Harm reduction is a public health approach that considers the complexities of addiction and its impact on individuals, families, and society at large. A basic tenet of harm reduction is that there has never been, nor ever will be, a drug-free society. The reality is that not everyone is willing or able to stop using. For individuals who refuse to stop using, harm reduction allows them to make choices that protect their health, as well as the health of others. This introductory course explores the harm reduction approach and basic principles, presents evidence as to its effectiveness, and outlines strategies for implementing this approach. Additionally, the changes to substance-related and addictive disorders in the DSM-5 are briefly outlined. The course incorporates online content, short web-based video clips, and case vignettes.
This course is designed for social workers and other behavioral health professionals who are interested in gaining basic knowledge of the harm reduction approach in treatment of persons with addictions. This course can be used toward the California mandated pre-license requirement for 15 hours of training in alcohol and chemical dependency.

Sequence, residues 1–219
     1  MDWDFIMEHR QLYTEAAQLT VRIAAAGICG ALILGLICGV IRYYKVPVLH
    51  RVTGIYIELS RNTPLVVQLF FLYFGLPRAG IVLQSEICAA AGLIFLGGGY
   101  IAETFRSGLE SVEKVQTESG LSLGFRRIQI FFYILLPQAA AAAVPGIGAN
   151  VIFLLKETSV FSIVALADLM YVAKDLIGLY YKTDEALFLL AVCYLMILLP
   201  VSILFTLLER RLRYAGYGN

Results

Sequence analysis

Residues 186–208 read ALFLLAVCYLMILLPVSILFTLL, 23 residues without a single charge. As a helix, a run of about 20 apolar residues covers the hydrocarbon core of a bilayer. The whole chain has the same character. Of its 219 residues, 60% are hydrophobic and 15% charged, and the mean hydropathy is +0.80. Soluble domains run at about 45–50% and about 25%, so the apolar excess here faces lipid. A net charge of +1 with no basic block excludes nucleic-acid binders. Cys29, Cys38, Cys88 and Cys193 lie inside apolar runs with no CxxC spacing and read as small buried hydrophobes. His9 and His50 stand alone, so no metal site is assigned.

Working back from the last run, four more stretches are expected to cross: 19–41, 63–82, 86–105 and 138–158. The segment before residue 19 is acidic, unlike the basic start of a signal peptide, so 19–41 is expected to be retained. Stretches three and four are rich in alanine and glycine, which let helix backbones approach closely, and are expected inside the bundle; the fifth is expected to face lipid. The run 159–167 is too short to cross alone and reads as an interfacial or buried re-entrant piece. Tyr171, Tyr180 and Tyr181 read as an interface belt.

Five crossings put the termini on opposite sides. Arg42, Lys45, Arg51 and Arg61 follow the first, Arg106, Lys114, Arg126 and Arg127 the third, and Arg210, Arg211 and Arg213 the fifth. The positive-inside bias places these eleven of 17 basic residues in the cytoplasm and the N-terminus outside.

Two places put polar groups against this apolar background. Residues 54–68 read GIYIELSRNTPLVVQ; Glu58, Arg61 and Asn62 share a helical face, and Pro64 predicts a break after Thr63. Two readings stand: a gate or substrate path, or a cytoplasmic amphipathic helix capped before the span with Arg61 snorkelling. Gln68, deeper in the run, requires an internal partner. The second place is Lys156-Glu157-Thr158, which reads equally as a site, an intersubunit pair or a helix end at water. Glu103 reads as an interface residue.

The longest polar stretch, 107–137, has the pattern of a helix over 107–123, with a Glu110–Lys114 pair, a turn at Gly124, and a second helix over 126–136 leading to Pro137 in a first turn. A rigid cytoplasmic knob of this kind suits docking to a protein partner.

After completing this course, readers will be able to do the following:
- Identify the major philosophies regarding drug abuse and the ways in which the current approaches may actually create obstacles to the goal of eliminating substance-related and addictive disorders.
- Identify a working definition of the harm reduction approach and its basic principles, as applied to addiction recovery.
- Identify psychotherapy approaches that utilize a harm reduction approach.
- Identify evidence-based strategies that utilize a harm reduction approach.
- Identify the key controversies related to the cause and treatment of addiction and, more specifically, the harm reduction approach.